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In her latest column for The Washington Post, “The surprising truth about the ‘food movement,’ ” Tamar Haspel argues that the number of people who really care about where their food comes from, how it is grown and its impact on our health and the environment is surprisingly small.
We think she’s wrong. . . .
But don’t take our word for it. Listen to food industry analysts like Scott Mushkin, who said last year: “To me, the biggest change is what’s going on with eating trends in the U.S. It’s stunning how much food patterns have changed.” His firm’s research found that the No. 1 one message of women surveyed was that they want to buy more fresh fruits and vegetables.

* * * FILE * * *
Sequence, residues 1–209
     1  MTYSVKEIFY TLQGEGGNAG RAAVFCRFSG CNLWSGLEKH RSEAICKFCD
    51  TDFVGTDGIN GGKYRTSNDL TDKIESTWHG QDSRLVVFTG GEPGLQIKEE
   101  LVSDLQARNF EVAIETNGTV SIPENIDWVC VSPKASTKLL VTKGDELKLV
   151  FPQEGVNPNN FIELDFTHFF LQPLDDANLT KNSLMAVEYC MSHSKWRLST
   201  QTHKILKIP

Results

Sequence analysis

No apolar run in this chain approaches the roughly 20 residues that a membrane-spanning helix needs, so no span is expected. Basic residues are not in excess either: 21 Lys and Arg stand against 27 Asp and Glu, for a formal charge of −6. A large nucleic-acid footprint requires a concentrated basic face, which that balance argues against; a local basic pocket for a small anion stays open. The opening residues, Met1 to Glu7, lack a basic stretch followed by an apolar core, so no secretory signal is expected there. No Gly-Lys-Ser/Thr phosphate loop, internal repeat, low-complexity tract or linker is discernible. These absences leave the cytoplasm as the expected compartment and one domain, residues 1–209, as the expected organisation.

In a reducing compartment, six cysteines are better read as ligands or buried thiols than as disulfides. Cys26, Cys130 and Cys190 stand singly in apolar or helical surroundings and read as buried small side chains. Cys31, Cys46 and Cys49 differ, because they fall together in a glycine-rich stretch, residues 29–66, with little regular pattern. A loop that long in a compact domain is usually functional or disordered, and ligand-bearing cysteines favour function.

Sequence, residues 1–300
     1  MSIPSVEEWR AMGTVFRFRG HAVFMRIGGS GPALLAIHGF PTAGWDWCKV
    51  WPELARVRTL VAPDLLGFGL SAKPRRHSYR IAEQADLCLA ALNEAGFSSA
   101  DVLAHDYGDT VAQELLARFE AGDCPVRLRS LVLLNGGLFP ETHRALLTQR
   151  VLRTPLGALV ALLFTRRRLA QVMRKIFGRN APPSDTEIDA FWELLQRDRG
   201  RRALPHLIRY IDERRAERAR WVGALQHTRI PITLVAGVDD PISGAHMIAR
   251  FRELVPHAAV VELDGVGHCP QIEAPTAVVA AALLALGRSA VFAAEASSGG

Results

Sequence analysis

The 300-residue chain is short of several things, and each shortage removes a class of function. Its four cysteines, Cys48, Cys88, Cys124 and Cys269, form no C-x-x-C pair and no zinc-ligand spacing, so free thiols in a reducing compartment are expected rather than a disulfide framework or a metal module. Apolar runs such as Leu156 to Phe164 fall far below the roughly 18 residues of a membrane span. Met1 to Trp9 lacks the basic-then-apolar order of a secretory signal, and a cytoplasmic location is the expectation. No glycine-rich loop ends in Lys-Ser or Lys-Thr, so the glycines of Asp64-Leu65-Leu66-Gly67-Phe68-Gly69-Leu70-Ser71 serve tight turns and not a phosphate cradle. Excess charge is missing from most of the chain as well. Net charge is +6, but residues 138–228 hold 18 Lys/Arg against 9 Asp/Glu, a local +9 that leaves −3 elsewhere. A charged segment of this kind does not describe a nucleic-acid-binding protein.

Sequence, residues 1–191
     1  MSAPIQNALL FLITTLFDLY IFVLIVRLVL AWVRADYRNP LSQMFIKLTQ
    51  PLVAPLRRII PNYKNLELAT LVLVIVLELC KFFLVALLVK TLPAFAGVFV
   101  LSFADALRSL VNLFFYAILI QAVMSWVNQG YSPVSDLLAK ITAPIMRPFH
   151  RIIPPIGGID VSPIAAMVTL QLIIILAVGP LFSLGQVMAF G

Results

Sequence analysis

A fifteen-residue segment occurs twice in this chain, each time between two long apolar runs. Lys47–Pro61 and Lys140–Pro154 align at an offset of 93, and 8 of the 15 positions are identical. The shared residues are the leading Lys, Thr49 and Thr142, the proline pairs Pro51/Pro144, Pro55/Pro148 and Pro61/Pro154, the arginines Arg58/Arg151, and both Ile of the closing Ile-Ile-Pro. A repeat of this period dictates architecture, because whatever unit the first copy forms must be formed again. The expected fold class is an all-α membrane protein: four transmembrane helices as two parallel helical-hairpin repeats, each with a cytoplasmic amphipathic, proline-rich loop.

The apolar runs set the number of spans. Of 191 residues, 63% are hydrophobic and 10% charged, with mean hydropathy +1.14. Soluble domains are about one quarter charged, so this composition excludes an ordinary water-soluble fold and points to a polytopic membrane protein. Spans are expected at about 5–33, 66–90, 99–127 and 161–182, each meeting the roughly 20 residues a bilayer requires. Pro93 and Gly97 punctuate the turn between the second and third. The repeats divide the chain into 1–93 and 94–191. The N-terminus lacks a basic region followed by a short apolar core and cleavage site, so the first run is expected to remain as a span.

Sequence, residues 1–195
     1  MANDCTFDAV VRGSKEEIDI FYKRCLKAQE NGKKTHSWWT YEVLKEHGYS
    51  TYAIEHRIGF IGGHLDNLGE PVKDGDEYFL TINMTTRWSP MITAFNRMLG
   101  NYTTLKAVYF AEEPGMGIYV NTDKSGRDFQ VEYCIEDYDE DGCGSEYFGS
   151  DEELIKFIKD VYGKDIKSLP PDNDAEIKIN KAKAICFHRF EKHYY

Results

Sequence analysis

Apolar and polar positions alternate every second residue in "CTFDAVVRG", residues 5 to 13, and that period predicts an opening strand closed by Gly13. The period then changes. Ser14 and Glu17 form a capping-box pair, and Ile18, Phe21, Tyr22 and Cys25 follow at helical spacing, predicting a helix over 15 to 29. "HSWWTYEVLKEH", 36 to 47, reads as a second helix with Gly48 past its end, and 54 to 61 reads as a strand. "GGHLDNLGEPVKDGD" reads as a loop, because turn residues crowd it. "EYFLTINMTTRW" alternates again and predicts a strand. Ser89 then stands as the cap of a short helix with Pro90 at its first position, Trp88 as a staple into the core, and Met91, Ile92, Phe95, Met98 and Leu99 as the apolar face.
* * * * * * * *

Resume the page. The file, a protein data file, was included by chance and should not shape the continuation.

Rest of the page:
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. . . [C]onsumption trends are a reflection that Americans increasingly care about where their food comes from, how it is grown and the health and environmental implications of what they feed their families. . . .
I don’t know about you, but that sounds like a food movement to us.
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The demand for fresh, local and organic is seen clearly in the popularity of the nation’s farmers markets. Haspel argues that this popularity is waning, citing figures of plateauing sales. But . . . the USDA survey she looked at is done only once every five years, Haspel’s data was from 2007 to 2012, which, as you might remember, coincided with the country’s crippling recession. . . .
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. . . . Despite what opinion writers such as Haspel say, [people] care about labeling genetically modified organisms (GMOs), farmworker rights and the effects of chemicals used to grow their food.
Read full, original post: The food movement is small? Not from where we sit, it isn’t.